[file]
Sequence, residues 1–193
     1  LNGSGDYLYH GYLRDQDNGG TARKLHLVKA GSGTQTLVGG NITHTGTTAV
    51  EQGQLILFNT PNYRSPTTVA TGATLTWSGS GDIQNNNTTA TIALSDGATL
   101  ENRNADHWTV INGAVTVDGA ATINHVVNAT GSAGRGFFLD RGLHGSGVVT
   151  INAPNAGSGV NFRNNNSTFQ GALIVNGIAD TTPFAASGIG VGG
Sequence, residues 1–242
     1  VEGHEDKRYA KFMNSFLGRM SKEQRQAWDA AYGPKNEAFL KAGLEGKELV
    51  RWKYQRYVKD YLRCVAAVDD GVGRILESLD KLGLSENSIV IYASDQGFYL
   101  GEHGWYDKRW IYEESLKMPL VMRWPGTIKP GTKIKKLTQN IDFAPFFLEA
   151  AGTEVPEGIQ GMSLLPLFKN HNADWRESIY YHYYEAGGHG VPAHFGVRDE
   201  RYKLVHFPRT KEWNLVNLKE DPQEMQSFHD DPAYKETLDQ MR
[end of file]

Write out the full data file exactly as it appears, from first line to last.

Sequence, residues 1–193
     1  LNGSGDYLYH GYLRDQDNGG TARKLHLVKA GSGTQTLVGG NITHTGTTAV
    51  EQGQLILFNT PNYRSPTTVA TGATLTWSGS GDIQNNNTTA TIALSDGATL
   101  ENRNADHWTV INGAVTVDGA ATINHVVNAT GSAGRGFFLD RGLHGSGVVT
   151  INAPNAGSGV NFRNNNSTFQ GALIVNGIAD TTPFAASGIG VGG
Sequence, residues 1–242
     1  VEGHEDKRYA KFMNSFLGRM SKEQRQAWDA AYGPKNEAFL KAGLEGKELV
    51  RWKYQRYVKD YLRCVAAVDD GVGRILESLD KLGLSENSIV IYASDQGFYL
   101  GEHGWYDKRW IYEESLKMPL VMRWPGTIKP GTKIKKLTQN IDFAPFFLEA
   151  AGTEVPEGIQ GMSLLPLFKN HNADWRESIY YHYYEAGGHG VPAHFGVRDE
   201  RYKLVHFPRT KEWNLVNLKE DPQEMQSFHD DPAYKETLDQ MR